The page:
I bought a Glock 26.
I learned to shoot.
And I got my CCW.

For some reason, instead of dealing with feelings in other ways,
people are using guns.
Is it the pervasiveness of reality video games?
Is it the influence of television and movies that glamorizes guns?
Is it the lack of authority figures in their lives?

Why are so many people resorting to killing?
A jilted lover...
An angry family member...
A desperate husband and father-in-law with failing memory...
An angry ex-fiance...

Colleagues are ranting about
public health issues
mental health issues
patient safety issues
  and, I agree with them in some respects.
There aren't enough mental health providers,
there aren't enough systems in place to help people
to learn to deal with their problems.
We need more secure hospitals and public spaces.
Heck, our hospital just got security guards within the last year,
and I've been here for almost 8 years!

But let's focus on the the deeper issues of mental health
and why people can't cope or deal with their problems.
Texas, 1966 - a marine in a bell tower
San Ysidro, 1984 - a security guard in a McDonald's
Texas, 1991 - former merchant marine in a restaurant
Virginia Tech, 2007 - student with mental problems
Let's focus on role models lacking for young men
and the disintegration of the family.
Columbine, 1999 - Trenchcoat Mafia
Let's focus on the entertainment models of video games
and movies influencing our actions.
 And, on and on and on...
But, not the guns,
the guns were simply the tool used to perpetrate the action.
Just like planes and box cutters killed over 3,000 people on 9/11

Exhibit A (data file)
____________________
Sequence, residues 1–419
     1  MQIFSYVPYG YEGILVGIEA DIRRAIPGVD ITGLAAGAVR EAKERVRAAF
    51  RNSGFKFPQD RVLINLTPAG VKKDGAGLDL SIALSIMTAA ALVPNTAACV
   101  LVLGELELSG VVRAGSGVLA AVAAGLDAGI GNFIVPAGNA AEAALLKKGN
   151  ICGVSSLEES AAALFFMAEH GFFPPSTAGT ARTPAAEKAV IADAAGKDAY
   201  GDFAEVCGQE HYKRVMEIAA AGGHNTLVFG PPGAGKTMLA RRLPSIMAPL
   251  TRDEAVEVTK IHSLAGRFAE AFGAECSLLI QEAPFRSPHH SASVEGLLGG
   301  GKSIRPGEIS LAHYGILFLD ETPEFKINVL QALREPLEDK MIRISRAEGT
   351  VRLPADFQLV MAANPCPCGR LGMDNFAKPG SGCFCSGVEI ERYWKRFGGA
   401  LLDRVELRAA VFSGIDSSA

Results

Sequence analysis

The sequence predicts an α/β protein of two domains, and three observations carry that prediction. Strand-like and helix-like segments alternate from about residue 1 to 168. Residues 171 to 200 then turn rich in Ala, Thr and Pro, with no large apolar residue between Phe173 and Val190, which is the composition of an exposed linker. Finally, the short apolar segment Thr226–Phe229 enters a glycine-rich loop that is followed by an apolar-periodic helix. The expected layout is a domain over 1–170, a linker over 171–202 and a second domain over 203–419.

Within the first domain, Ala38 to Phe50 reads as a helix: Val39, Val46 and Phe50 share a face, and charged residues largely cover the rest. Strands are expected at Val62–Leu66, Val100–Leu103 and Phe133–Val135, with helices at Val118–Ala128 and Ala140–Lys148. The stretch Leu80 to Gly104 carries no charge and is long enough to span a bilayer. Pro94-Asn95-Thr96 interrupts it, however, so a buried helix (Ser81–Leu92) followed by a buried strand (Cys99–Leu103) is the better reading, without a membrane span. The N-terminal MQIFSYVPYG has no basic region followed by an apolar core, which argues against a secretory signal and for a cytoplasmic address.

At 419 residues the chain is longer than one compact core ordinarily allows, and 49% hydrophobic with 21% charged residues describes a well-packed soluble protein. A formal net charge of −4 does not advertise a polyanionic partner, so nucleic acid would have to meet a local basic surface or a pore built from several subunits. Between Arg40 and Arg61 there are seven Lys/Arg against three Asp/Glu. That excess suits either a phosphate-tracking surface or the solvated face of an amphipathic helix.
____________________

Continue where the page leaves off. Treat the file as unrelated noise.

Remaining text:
Just like those that "drank the Kool-aid" and were killed by cyanide in '78
Just like the sarin used to kill 12 in a Japanese subway

You can't blame the means, you have to blame
the perpetrator and uncover the most important question:
the why...?
Followed by
What can we do...?

Yes, those are bullets in my handbag.
I have a CCW now.
For that moment I've been shoved under my desk,
and it's still up to me to help my staff...


Sunday, November 18, 2018

NaBloPoMo 2018 - Day 18

I'm taking a cue from the dogs
and resting on this Sunday...

Tomorrow I'll start a run of 6 shifts in a row...
a few thoughts for the week:
please drive safely
please chew your food completely
please don't overindulge in alcoholic beverages
please take a breath before dealing with unruly family members
& if you don't have family, volunteer at your local shelter
and help serve food to others who don't have family...
or food...
or shelter...
or hope...
much as I'd love to see you,
I'd rather it be social,
than in the ED...


Saturday, November 17, 2018

NaBloPoMo 2018 - Day 17

So my blog title:
I'm a fan of a lot of animals.  I never thought much about squirrels until I moved from California to the Midwest for medical school.  I think Canada geese dominated those med school years because during the fall they were everywhere! And, there were a few squirrels, but you didn't really see them until winter when you would see their nests in the trees.

Then I moved to Chicago... not many squirrels in the city.